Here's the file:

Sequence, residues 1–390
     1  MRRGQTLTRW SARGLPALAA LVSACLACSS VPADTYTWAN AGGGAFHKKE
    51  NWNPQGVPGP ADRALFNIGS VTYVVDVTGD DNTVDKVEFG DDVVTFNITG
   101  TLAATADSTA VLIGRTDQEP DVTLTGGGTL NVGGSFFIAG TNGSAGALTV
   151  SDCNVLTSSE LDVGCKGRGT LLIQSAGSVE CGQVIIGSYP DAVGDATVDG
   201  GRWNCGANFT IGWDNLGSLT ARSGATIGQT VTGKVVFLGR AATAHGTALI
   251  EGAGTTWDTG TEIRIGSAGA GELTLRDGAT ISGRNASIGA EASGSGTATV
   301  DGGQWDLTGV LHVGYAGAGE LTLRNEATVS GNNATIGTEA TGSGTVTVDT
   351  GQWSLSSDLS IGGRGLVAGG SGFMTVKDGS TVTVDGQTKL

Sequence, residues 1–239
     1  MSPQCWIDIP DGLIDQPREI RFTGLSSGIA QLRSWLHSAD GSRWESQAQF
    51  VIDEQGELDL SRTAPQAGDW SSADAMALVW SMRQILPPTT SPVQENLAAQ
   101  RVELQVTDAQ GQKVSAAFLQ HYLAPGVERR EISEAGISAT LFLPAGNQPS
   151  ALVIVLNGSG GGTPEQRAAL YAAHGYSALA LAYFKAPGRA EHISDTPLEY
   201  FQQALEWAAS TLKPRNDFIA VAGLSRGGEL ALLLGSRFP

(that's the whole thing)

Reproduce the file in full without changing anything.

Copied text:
Sequence, residues 1–390
     1  MRRGQTLTRW SARGLPALAA LVSACLACSS VPADTYTWAN AGGGAFHKKE
    51  NWNPQGVPGP ADRALFNIGS VTYVVDVTGD DNTVDKVEFG DDVVTFNITG
   101  TLAATADSTA VLIGRTDQEP DVTLTGGGTL NVGGSFFIAG TNGSAGALTV
   151  SDCNVLTSSE LDVGCKGRGT LLIQSAGSVE CGQVIIGSYP DAVGDATVDG
   201  GRWNCGANFT IGWDNLGSLT ARSGATIGQT VTGKVVFLGR AATAHGTALI
   251  EGAGTTWDTG TEIRIGSAGA GELTLRDGAT ISGRNASIGA EASGSGTATV
   301  DGGQWDLTGV LHVGYAGAGE LTLRNEATVS GNNATIGTEA TGSGTVTVDT
   351  GQWSLSSDLS IGGRGLVAGG SGFMTVKDGS TVTVDGQTKL

Sequence, residues 1–239
     1  MSPQCWIDIP DGLIDQPREI RFTGLSSGIA QLRSWLHSAD GSRWESQAQF
    51  VIDEQGELDL SRTAPQAGDW SSADAMALVW SMRQILPPTT SPVQENLAAQ
   101  RVELQVTDAQ GQKVSAAFLQ HYLAPGVERR EISEAGISAT LFLPAGNQPS
   151  ALVIVLNGSG GGTPEQRAAL YAAHGYSALA LAYFKAPGRA EHISDTPLEY
   201  FQQALEWAAS TLKPRNDFIA VAGLSRGGEL ALLLGSRFP